This Eggnog French Toast is bread soaked in an eggnog mixture and then baked in the morning. Festive and perfect for busy mornings like Christmas. Eggnog French Toast - bread soaked overnight in an eggnog mixture and baked in the morning. the-girl-who-ate-everything.comWe currently have 3 containers of eggnog in our fridge. For those of you are calorie conscious that roughly 8,000 calories of the thick stuff just waiting to be part of my inevitable holiday pounds. I bought some because we were almost out and I know my husband loves it, and he bought some because…he loves it.

I know that eggnog is one of those polarizing foods but I can’t help but try to ease it into every treat I make. Remember these Eggnog Cookies and this Eggnog Gingerbread Trifle? See, now you have three recipes you can make with eggnog.

My issue with baked French toast is that usually it’s a little too wet for my liking. I love my Overnight French Toast because it’s the perfect amount of moisture without being too dry. I reduced the eggs because I added more liquid in form of eggnog and increased the spices.

Make sure you layer the bread in one single layer so you still get the crisp edges of your traditional French toast. It was perfect. And even for someone who doesn’t like eggnog the taste isn’t overpowering. Imagine waking up Christmas morning, popping this in the oven and then opening presents to the aroma of this! Eggnog French Toast - bread soaked overnight in an eggnog mixture and baked in the morning. the-girl-who-ate-everything.comServe with melted butter and maple syrup with a dusting of powdered sugar.
Eggnog French Toast - bread soaked overnight in an eggnog mixture and baked in the morning. the-girl-who-ate-everything.comEggnog French Toast - bread soaked overnight in an eggnog mixture and baked in the morning. the-girl-who-ate-everything.com

Eggnog French Toast - bread soaked overnight in an eggnog mixture and baked in the morning. the-girl-who-ate-everything.com
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4 from 2 votes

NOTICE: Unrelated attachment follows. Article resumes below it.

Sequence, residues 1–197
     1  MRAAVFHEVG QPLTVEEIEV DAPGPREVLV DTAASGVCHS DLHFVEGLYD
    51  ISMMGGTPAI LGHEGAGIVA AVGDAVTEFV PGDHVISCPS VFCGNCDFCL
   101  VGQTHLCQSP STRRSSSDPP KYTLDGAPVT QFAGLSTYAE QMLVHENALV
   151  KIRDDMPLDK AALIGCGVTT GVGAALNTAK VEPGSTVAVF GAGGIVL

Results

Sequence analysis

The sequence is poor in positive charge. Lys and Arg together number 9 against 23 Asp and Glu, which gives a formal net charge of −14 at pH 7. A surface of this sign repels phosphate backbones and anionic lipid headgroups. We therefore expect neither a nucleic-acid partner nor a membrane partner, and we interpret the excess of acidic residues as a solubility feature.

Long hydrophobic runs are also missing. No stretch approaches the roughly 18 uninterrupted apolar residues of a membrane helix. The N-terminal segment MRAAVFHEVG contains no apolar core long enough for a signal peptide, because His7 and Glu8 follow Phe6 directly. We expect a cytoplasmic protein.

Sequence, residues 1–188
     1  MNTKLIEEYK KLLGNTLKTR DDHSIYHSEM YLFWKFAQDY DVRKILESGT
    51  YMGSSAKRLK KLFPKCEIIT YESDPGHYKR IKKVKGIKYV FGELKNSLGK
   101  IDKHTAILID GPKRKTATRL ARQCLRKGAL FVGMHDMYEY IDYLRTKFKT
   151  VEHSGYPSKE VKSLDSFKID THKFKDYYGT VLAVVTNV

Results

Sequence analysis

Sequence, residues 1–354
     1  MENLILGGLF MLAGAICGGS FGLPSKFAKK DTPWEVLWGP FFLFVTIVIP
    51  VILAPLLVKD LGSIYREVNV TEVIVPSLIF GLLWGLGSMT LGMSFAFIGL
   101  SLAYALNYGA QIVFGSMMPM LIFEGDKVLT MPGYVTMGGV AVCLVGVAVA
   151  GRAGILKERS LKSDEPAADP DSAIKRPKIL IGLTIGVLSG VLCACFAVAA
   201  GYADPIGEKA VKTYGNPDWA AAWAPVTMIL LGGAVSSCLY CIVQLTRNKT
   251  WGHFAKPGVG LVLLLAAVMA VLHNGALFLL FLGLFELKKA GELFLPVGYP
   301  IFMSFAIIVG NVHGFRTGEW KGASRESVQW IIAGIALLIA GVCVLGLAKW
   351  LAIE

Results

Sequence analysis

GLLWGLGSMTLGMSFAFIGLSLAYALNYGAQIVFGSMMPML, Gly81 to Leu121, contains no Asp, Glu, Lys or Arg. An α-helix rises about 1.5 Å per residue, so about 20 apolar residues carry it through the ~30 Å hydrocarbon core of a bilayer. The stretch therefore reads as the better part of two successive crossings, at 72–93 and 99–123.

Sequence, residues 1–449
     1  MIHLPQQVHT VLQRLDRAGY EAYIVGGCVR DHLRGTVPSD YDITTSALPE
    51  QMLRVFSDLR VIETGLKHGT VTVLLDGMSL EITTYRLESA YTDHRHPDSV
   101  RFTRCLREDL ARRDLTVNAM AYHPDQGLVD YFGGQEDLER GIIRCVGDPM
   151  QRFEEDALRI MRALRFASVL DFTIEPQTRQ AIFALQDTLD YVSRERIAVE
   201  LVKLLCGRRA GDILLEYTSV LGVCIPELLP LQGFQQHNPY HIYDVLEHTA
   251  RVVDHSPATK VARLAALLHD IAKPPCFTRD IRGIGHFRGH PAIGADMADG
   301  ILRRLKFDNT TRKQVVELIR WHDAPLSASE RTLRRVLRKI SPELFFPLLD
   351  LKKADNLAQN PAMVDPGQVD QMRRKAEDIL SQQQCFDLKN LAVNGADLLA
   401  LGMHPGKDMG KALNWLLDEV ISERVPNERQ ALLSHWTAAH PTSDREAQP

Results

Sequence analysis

Eggnog French Toast

Ingredients

  • 1/4 cup (4 Tablespoons) butter, melted
  • 1/3 cup packed light brown sugar
  • 1 loaf brioche , challah, or French bread loaf sliced into 1 inch slices (about 12 ounce loaf)
  • 1 1/2 cups eggnog
  • 1 1/2 teaspoons rum extract
  • 2 teaspoons vanilla extract
  • 1/2 teaspoon nutmeg
  • 1/2 teaspoon ground cinnamon
  • pinch of salt
  • 6 eggs , slightly beaten
  • powdered sugar and maple syrup for topping.

Instructions

  1. In a small bowl combine brown sugar and melted butter and pour in a very thin layer on the bottom of a greased jelly roll pan (or use 2 pans - a 9x13 and a smaller dish if you don't have a jelly roll). Make sure you grease it or it will stick!
  2. Arrange slices of bread in the baking dish in a single layer.
  3. In a large bowl, pour the eggnog, rum extract, vanilla, nutmeg, cinnamon, and salt. Whisk together. This helps distribute the spices evenly before adding the eggs. Add the beaten eggs and whisk until combined. Pour the mixture over the bread slices.
  4. Wrap tightly with plastic wrap and place in the refrigerator overnight.
  5. In the morning, take the casserole out of the fridge for at least 10 minutes while you are preheating your oven to 350 degrees.
  6. Bake for 30-35 minutes. If top starts browning too quickly place a foil loosely over the top of the casserole for the last 10 minutes or so. You want it to cook long enough to make sure the bottom part is cooked but don't dry it out completely.
  7. Remove from oven and let it cool slightly before serving. Serve with melted butter, a dusting of powdered sugar and a drizzle of maple syrup.

Recipe Notes

Source: converted my Overnight French Toast to Eggnog version

Eggnog French Toast - bread soaked overnight in an eggnog mixture and baked in the morning. the-girl-who-ate-everything.com